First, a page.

Supply in Italy and Spain has fallen dramatically after adverse weather this summer. Olive oil prices have hit a decade-long high as poor harvests in the world’s two biggest producers drive up its scarcity.
Spain and Italy saw 54 per cent and 34 per cent falls in production respectively due to excessively hot and wet weather, constricting supply.
Pietro Sandali, head of the Italian olive growers consortium, Unaprol, told the Guardian newspaper that the 2014 harvest had been “the worst year in memory”.
The International Olive Council predicted last month that production at the end of this financial year would fall to its lowest level in 15 years.
Producers are expected to generate 2.39m tons of olive oil in 2014/15, compared to 3.27m tons of oil produced in 2013/2014.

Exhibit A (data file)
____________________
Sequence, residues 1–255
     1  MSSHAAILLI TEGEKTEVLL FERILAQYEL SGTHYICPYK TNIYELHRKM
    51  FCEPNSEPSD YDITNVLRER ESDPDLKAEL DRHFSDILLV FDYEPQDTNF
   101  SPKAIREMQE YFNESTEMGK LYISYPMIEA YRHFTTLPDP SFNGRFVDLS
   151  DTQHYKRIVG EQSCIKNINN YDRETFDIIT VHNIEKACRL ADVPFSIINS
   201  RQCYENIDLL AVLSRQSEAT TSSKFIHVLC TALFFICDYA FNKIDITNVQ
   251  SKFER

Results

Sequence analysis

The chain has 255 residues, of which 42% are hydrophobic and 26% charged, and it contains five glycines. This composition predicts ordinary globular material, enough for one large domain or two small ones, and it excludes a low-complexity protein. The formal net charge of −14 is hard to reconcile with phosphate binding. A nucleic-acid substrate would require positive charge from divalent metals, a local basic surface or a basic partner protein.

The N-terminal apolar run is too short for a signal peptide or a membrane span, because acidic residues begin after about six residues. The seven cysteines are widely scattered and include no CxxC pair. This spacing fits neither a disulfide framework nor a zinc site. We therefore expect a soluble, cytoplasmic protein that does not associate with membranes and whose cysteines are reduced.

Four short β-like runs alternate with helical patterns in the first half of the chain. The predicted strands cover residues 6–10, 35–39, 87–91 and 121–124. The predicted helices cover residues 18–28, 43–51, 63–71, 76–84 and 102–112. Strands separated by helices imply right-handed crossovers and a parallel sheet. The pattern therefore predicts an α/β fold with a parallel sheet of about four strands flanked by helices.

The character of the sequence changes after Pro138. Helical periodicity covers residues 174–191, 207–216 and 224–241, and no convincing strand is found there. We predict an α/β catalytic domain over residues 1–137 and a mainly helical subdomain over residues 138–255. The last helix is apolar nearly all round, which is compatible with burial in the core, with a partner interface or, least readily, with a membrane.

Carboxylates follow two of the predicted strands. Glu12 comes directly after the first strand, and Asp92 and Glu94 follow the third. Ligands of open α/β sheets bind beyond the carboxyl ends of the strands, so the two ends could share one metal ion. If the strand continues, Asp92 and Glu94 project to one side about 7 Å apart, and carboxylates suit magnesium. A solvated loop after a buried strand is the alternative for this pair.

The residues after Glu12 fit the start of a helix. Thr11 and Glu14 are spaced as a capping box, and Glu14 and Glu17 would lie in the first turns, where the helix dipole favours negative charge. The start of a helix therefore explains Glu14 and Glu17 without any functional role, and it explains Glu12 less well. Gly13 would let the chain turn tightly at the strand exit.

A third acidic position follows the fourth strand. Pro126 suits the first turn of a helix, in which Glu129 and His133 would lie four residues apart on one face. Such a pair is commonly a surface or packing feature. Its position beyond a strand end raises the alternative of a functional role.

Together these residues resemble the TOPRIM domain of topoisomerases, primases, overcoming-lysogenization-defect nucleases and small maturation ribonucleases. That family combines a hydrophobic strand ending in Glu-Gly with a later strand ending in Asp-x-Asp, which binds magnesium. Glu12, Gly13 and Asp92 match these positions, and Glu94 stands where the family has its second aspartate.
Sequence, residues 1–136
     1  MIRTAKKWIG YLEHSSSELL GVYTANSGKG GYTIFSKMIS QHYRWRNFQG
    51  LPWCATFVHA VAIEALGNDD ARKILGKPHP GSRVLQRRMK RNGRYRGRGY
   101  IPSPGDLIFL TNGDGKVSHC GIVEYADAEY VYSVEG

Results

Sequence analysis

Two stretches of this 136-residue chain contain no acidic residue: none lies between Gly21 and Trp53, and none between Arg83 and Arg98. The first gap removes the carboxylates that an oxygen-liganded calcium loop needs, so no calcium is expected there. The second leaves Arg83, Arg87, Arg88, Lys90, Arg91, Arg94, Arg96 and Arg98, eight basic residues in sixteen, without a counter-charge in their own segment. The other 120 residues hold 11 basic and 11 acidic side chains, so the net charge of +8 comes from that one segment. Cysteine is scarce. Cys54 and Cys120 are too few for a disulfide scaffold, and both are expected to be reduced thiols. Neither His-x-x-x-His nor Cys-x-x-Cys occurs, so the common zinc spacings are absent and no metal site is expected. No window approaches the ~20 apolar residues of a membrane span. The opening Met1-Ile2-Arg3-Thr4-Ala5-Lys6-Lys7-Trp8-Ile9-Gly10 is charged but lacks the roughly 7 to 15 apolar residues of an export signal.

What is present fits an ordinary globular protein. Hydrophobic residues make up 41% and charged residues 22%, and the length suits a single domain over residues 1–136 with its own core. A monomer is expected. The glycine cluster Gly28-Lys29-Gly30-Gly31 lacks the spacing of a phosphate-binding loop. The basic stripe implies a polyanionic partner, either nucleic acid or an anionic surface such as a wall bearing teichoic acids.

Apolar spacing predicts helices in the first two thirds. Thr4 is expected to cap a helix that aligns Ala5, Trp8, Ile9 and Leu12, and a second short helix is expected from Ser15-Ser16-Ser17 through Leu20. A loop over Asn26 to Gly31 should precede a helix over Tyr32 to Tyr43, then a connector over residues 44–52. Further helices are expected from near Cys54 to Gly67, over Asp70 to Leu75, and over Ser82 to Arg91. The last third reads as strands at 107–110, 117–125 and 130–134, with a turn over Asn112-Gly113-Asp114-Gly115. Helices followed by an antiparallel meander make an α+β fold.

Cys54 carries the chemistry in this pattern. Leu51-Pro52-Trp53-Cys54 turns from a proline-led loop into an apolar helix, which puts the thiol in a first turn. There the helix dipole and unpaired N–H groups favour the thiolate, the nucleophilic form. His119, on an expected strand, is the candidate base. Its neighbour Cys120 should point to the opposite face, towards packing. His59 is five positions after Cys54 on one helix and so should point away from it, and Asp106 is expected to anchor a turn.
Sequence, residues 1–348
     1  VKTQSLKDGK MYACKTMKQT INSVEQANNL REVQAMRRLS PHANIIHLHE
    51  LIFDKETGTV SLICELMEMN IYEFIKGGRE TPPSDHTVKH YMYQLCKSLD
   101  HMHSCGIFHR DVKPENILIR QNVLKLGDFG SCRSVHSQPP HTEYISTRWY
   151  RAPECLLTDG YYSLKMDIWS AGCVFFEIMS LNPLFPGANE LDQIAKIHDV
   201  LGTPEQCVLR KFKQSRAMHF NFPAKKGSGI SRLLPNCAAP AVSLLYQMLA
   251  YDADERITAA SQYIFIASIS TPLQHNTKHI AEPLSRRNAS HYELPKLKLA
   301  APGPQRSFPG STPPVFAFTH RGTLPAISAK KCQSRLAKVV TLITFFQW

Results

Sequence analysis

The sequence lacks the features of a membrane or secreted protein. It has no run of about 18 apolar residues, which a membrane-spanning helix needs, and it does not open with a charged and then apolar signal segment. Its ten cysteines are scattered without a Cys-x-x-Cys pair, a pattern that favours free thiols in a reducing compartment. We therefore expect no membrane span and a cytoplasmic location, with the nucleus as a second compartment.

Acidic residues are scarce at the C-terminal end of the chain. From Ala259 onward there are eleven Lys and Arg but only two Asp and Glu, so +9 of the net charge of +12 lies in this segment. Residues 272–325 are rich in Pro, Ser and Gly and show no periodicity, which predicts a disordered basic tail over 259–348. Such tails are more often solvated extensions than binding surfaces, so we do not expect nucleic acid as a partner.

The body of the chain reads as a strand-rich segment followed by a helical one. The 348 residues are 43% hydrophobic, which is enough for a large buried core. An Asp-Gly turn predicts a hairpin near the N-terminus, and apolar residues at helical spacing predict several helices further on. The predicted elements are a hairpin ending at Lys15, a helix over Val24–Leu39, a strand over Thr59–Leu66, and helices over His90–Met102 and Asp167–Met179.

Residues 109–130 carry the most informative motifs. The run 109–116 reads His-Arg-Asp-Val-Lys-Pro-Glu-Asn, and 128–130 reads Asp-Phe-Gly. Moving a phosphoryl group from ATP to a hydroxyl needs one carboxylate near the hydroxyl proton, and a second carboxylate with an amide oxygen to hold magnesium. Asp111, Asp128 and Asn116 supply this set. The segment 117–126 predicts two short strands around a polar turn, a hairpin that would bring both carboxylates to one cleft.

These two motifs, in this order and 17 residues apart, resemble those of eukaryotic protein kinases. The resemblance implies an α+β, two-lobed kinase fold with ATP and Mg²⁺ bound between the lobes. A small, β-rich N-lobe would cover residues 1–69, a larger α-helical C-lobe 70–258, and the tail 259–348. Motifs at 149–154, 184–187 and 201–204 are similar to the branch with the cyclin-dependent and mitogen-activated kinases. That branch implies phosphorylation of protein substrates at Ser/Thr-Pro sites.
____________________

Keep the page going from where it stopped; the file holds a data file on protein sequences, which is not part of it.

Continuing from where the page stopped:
Production is also expected to fall below consumption and eat into existing stock and reserves.
Wholesale bulk prices hit $4281.95 per metric ton, according to oliveoilmarket.eu, up from $3,613.35 at the end of 2013. This previous level which was itself a dramatic increase on prices in early 2012.
Two exceptions to the supply shortfall were in Tunisia and Greece.
In Greece, cash strapped producers have sold their product off at rock-bottom prices in order to raise funds to continue operating, industry publication The Olive Oil Times reports.
The fall in prices is tied to the economic uncertainty in the country, where banks are loathe to extend credit amid the spectre of the eurozone crisis.
Producers are using revenue from increased sales to fund expansion and production costs, which would normally be met by credit.
In Tunisia, a bumper harvest caused by perfect weather conditions has led to production twice the volume of last year’s haul. Producers in the North African country are looking to link up with European buyers.
Article SourceProducers are expected to generate 2.39m tons of olive oil in 2014/15,